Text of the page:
By David J. Kelly, Minnesota Bankruptcy Lawyer since 1976
Just received the following summary from the National Association of Consumer Bankruptcy Attorneys concerning bankruptcy provisions of the Coronavirus Aid, Relief and Economic Security Act” (CARES Act). Here’s what it did:
1. Amended the Small Business Reorganization Act of 2019 (SBRA) to increase the eligibility threshold for businesses filing under new subchapter V of chapter 11 of the U.S. Bankruptcy Code from $2,725,625 of debt to $7,500,000. The eligibility threshold will return to $2,725,625 after one year. Check out our SBRA Resource Page for more information.
2. Amended the definition of “income” in the Bankruptcy Code for chapters 7 and 13 to exclude coronavirus-related payments from the federal government from being treated as “income” for purposes of filing bankruptcy.
3. Clarified that the calculation of disposable income for purposes of confirming a chapter 13 plan shall not include coronavirus-related payments.
4. Explicitly permitted individuals and families currently in chapter 13 to seek payment plan modifications if they are experiencing a material financial hardship due to the coronavirus pandemic, including extending their payments for up to seven years after their initial plan payment was due.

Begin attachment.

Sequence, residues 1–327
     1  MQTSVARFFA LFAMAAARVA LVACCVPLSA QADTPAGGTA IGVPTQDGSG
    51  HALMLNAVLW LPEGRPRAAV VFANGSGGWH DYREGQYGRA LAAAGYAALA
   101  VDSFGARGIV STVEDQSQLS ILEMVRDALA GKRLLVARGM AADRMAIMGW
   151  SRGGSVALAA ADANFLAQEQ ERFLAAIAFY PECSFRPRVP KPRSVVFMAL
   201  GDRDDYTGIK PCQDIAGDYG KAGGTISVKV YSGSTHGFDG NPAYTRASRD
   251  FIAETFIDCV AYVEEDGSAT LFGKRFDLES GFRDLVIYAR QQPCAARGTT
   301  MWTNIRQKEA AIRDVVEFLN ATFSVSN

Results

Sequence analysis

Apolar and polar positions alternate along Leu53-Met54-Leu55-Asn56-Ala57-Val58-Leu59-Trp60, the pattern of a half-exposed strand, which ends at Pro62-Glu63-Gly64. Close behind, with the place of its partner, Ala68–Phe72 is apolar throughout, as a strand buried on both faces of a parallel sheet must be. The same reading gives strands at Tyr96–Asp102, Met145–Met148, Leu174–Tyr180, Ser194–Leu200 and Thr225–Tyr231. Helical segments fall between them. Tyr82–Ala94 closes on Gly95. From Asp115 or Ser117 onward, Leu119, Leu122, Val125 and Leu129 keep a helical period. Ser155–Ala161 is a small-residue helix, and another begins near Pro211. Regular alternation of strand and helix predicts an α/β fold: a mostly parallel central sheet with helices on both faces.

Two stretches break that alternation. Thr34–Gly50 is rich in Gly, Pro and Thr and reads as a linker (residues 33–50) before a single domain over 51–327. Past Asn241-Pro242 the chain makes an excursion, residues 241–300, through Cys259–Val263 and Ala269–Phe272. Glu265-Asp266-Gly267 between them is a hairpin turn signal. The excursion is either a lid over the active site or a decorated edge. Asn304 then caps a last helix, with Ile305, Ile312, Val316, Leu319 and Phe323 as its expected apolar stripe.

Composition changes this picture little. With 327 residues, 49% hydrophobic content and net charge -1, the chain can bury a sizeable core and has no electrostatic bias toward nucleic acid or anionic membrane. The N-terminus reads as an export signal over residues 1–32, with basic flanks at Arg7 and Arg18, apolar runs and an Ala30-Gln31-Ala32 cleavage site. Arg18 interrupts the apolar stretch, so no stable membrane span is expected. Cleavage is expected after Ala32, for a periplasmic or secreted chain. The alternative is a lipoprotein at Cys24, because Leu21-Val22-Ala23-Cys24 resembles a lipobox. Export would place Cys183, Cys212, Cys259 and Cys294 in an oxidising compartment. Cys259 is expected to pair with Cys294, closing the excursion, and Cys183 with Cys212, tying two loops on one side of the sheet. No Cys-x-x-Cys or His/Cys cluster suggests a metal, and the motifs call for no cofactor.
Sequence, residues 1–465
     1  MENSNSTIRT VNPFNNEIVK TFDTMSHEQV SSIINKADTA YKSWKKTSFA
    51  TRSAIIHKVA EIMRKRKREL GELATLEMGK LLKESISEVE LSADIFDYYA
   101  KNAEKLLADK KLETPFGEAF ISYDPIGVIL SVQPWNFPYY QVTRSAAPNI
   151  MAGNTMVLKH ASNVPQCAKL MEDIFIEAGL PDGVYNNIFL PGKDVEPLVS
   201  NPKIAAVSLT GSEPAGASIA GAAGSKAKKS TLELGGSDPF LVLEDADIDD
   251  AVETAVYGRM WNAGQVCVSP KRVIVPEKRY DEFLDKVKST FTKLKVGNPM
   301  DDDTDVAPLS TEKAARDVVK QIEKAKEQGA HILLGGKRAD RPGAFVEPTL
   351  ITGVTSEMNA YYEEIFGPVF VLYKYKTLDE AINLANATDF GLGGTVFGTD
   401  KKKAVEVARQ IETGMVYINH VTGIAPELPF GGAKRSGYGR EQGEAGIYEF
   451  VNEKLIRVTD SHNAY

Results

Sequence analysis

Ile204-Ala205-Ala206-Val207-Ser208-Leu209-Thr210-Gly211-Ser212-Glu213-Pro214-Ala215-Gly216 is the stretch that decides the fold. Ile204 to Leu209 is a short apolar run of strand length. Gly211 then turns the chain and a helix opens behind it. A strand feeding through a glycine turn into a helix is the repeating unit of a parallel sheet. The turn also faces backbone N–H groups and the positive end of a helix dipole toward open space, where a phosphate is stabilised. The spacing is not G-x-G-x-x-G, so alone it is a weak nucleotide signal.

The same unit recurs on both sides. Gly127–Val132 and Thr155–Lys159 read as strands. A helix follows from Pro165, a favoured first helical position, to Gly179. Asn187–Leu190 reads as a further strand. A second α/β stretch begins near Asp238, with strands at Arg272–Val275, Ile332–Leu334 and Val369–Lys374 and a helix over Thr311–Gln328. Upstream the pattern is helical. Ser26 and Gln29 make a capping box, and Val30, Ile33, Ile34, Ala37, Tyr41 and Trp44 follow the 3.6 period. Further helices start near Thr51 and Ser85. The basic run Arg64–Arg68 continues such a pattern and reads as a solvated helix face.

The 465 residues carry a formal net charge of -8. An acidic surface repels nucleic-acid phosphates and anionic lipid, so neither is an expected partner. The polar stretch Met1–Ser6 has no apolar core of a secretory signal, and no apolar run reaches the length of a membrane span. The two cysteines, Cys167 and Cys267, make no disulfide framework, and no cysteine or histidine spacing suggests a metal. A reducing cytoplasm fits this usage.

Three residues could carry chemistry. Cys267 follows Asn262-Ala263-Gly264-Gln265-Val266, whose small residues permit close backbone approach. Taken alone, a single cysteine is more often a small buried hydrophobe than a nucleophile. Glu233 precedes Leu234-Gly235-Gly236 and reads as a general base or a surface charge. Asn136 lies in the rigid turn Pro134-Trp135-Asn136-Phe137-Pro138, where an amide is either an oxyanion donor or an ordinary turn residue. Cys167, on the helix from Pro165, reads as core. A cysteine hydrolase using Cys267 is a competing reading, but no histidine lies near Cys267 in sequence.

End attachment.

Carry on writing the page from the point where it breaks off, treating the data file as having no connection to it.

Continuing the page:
I am still here during the Covid-19 Crisis. Lawyers are considered officers of the court. As long as the bankruptcy court is open, and it is, I have to be open too. Still, I am taking every precaution. Don’t be offended if I wipe off the pen you used or anything else you touched, or if I pull my chair back and keep my distance. Also, I am learning how to use Zoom. Already have been using Hangouts and Skype. I prefer Hangouts for virtual face to face; but one can still get a lot done by just meeting remotely by old fashioned telephone. I am limiting actual visits to my office as much as possible.